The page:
Thursday, November 10, 2005
Every Signature Tells a Story: Gregg Jefferies, A Little Too Uptight
I was as wrapped up in Gregg Jefferies hype as anyone after his explosive call-up at the end of 1988, confident that he’d have a future of stardom and a plaque waiting in Cooperstown lacking only an inscription of his glories to be.
But maybe the scene at a baseball card show appearance that winter should have tipped us off that things wouldn’t quite work out that well.
Jefferies was the Mets first-round pick in 1985 and was a three-time minor-league MVP. The hype was already building — his Fleer and Donruss baseball cards were selling for more than $5 right out of the pack, obscene for the time — when he arrived for the 1988 pennant stretch.
He looked as good as advertised, hitting .321 with six homers in 109 at-bats. I remember the Mets were even talking about limiting his at-bats in the last couple weeks to keep him eligible for the 1989 Rookie of the Year Award.
So I was pretty excited when Jefferies made the rounds of the autograph shows during the off-season. I went to see him at a show in West Haven, Conn. and was standing on line to buy tickets when there was a bustle at the door.
Jefferies and his entourage arrived, and apparently thought they were walking in a back door only to find themselves in the main lobby.
What was strange was the Gregg was surrounded by four goons — and I mean that literally. They were huge. Two stood in front of him, two behind. They were on him like Velcro. In fact, the two in behind were holding him by the shoulder pads of his coat, pushing him.
They were all so close it looked like they were one 10-legged creature, all with wide-eyed looks of dread when they saw all the fans in the lobby.
It was so strange that there was a brief awkward silence, as people stood there in disbelief. It seemed like the security people expected some kind of Beatlemania scene of crazed fans rushing the young star.
But no one stepped off the line. I think there was some applause and maybe some "Hey, Gregg!" type of calls.
I remember thinking, "What’s with the goons? Do they think we’re going to hurt the guy we expect to be our biggest star?"
Jefferies overestimated his need for security. Then again, it soon became apparent he overestimated a lot of things.
The Mets moved 1986 hero Wally Backman to install Jefferies as the team’s starting second baseman. But he seemed to become derailed by a horrible slump and finished with a modest .258 with 12 homes and 56 RBI. He finished a distant third in the Rookie of the Year balloting, losing to Jerome Walton, who I don’t think has been heard from since.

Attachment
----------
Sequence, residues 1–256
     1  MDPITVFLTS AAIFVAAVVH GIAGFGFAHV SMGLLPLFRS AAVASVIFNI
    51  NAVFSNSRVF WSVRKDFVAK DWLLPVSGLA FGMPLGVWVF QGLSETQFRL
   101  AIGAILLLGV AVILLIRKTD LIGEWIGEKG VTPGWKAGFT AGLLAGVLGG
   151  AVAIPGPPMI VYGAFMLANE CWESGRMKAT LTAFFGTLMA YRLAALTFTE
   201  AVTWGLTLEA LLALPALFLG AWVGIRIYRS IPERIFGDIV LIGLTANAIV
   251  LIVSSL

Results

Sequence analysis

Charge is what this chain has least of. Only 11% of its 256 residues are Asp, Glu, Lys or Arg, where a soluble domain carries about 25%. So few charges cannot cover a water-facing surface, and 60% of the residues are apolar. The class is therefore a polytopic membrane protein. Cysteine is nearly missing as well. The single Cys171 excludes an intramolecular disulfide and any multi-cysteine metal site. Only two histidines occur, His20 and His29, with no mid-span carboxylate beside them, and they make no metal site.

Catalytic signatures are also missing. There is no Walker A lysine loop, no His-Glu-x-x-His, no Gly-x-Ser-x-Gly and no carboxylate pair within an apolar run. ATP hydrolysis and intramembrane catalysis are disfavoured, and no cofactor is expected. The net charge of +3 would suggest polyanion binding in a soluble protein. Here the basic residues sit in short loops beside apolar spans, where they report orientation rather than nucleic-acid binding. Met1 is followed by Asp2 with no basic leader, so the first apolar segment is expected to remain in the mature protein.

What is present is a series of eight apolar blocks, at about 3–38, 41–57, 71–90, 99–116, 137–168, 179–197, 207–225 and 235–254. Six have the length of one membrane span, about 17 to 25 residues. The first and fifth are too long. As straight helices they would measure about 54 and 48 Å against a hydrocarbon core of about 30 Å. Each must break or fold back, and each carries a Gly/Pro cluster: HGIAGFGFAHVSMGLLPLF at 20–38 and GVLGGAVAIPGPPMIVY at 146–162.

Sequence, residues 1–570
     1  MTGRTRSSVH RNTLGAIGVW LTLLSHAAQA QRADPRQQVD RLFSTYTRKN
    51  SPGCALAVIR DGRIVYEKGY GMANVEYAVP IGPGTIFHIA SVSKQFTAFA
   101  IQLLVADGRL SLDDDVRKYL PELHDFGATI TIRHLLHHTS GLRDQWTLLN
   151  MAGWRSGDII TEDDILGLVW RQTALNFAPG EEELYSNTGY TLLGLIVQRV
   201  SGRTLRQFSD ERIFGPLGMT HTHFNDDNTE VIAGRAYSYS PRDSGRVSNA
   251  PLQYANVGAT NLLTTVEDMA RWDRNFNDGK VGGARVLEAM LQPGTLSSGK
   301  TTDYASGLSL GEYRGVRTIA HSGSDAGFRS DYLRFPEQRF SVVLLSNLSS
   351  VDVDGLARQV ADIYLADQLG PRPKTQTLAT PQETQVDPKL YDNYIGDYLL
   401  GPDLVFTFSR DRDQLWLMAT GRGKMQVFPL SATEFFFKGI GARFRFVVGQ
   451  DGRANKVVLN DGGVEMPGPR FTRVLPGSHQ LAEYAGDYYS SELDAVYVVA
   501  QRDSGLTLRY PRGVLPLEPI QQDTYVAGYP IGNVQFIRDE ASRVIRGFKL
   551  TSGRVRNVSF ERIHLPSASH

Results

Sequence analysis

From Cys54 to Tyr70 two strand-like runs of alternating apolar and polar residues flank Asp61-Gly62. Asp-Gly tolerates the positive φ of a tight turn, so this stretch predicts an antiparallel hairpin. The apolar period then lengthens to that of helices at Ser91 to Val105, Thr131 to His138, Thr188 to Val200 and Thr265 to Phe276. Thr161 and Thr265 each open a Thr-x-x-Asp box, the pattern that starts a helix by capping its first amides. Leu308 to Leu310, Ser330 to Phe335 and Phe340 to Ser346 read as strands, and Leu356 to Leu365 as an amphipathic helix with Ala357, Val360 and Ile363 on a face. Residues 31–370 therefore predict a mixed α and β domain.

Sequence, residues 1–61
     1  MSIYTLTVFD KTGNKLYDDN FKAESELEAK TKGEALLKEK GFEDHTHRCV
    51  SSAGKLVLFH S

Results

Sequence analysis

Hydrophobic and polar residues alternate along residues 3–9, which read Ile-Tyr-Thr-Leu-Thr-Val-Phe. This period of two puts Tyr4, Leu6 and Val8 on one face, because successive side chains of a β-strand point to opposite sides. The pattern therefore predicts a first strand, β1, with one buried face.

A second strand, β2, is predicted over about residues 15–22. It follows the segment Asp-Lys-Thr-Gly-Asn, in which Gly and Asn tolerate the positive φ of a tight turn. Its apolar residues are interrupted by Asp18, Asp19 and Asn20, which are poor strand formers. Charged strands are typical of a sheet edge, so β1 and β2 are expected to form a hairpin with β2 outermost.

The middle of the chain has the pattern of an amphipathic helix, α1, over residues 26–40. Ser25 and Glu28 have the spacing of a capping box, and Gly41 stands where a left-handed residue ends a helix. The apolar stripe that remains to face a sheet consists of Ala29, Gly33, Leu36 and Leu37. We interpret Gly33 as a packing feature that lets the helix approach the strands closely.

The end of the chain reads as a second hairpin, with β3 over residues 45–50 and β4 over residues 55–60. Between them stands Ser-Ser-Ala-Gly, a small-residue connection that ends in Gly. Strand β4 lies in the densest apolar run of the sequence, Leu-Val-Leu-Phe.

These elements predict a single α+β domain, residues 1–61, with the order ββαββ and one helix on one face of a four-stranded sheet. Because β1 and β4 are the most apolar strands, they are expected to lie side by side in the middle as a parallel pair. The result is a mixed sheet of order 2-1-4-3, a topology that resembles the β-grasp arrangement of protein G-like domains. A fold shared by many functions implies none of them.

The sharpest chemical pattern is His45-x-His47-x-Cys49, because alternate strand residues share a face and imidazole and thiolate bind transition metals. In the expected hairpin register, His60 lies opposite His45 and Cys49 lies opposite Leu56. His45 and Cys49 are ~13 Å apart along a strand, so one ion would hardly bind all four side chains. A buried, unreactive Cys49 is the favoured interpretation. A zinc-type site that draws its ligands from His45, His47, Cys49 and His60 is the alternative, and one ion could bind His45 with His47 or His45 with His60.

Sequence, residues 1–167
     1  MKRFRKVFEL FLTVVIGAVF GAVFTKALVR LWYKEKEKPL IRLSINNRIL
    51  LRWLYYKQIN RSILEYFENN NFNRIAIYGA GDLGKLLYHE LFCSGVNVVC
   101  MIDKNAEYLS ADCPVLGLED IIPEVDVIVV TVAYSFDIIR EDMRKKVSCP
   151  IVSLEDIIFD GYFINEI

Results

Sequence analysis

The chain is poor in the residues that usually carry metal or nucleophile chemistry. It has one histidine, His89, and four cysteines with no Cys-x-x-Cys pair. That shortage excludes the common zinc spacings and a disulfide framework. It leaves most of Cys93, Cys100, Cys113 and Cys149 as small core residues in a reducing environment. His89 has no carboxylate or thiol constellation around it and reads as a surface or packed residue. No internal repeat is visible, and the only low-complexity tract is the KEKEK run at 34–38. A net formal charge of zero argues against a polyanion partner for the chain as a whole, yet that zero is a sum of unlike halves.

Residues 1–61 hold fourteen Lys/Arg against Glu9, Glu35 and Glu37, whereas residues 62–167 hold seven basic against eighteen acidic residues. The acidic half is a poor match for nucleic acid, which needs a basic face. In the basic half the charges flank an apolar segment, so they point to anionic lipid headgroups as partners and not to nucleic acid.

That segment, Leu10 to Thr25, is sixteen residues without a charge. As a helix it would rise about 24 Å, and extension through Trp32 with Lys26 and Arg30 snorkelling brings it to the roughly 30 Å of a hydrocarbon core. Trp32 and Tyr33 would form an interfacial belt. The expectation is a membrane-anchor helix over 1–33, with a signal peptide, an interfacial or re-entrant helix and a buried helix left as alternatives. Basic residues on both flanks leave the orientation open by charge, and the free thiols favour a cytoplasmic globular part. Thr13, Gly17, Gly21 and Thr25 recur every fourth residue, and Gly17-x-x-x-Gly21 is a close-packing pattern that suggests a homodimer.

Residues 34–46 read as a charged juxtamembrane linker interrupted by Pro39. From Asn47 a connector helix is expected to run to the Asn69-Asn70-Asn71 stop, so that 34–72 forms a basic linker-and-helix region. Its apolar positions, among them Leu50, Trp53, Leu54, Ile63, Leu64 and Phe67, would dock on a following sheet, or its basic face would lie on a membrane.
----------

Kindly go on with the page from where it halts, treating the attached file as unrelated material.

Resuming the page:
He also seemed to go into tantrums after making an out and couldn’t get along with his teammates or the media. He never looked like he was having fun playing baseball, like every groundout added to the weight of crushing expectations.
The next two years were better, but not too much, hitting .283 with 15 homers and 68 RBI in 1990, a long way from the mega-star we all expected.
It didn’t take too long for the Mets to tire of his act, and shipped Jefferies and Kevin McReynolds, another disappointment, off to the Kansas City Royals for Bret Saberhagen in December 1991. I was stunned that the Mets gave up on this guy so quickly, but it’s not like he did much to prove them wrong either.
Jefferies finally found some success in St. Louis, hitting .342 in 1993 and .325 in 1994, making the All-Star team. But instead of staying in St. Louis, where fans loved him and he thrived under Joe Torre, he chased the dollars and signed with the Phillies as a free agent, irked that the Cards wouldn’t throw a no-trade clause in his deal.
He wasn’t as good in his four seasons with the Phils, bounced to the Angels in 1998 and then again to the lowly Tigers in 1999.
When I saw him in Detroit that year he looked pudgy, slow and older than he should have looked — nothing like the kid I remembered.
Jefferies retired at 33, completely unimaginable to those of us standing on line in New Haven that day. Then again, it was obvious that day that something wasn't quite right.
Flippin' Sweet Griffins Update:
I was still worked up after my rant about the Napoleon Dymanite fiasco at the Grand Rapids Griffins hockey game, so I fired off an e-mail to the team.
I've only written a letter like that twice before. I didn't expect to hear back from the team, figuring the staff there didn't give a darn.
Well, that's not the case. The team's vice president for marketing responded within an hour, asking me to call him, which I did the next day.
He explained that the evening had quite gone as planned from the team's perspective either. he said he actor who played Kip arrived just as the gates opened, was not feeling well and had not eaten. He said the team couldn't control people cutting in line, and tried to make good by asking the actors to sign later in the game.
The gentleman said he's not sure what happened with the shirts, and perhaps workers started distributing them early to people who were standing in the lobby before the gates opened.
He offered to have us come to another game as guests of the team, which is very nice. And the next day a "Vote for Pedro" shirt appeared on my desk at work.
I still think there were some things that could have been handled better that night, but I was impressed that the team responded so quickly and wanted to make things right.